Joe E. Dees (jdees0@students.uwf.edu) wrote:
>> > IAN: Change is defined by its displacement from zero
>> > change. If a system anticipates its change, it must
>> > use "no change" as a hypothetical point of measure
>> > the deviation from which defines a state of change.
>> > So zero is implicit in the measurement you speak of.
>> >
>>
>> That's a tricky definition of change but it's not the only one,
>> e.g., FPGA circuits can be made to work without ever using zero.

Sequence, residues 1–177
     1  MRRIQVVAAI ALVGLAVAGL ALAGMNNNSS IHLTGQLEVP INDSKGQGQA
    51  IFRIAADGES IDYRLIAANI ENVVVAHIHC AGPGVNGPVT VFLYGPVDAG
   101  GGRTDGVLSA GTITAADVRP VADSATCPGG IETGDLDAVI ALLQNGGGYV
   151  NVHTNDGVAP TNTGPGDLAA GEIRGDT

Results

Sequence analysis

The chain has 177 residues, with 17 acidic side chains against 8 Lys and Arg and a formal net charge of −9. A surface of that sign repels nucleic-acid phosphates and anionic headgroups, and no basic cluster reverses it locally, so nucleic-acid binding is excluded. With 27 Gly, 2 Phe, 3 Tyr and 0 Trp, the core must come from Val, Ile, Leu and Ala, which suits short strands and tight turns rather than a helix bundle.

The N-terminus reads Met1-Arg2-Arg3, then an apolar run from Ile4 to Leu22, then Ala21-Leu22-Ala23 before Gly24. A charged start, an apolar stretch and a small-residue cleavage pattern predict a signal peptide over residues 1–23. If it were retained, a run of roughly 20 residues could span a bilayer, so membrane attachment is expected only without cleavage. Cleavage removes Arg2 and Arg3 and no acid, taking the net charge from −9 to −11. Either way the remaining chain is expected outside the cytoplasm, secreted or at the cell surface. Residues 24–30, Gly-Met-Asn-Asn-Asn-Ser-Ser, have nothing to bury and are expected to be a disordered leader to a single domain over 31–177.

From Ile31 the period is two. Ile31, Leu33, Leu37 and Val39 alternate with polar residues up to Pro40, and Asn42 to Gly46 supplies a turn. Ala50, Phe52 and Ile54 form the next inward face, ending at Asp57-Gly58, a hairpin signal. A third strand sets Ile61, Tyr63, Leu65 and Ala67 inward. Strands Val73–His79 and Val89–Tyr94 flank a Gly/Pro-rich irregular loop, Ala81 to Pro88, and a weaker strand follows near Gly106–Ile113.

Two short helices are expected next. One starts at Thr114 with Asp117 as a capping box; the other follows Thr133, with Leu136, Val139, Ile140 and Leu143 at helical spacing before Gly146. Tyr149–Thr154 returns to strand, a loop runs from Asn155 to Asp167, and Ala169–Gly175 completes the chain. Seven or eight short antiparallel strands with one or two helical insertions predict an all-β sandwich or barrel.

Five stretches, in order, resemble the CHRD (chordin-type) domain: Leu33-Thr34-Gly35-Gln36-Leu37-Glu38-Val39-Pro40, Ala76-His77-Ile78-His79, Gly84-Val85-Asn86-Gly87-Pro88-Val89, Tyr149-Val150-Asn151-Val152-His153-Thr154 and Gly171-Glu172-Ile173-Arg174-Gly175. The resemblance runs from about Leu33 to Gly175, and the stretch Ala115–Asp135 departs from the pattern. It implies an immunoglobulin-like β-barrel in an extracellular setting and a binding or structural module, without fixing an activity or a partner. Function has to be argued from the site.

IAN: If you cannot measure no (zero) change, from what do you differentiate change? An EPGA is a set of logic gates on a chip with no exact order or structure, but what is the FPGA-circuit-definition of change? Also, are we talking here about zero as just a digit or zero as a number representing digit and value?
There's no change between all events in all space and time, and all events in all space and time; there is therefore zero change over all. No?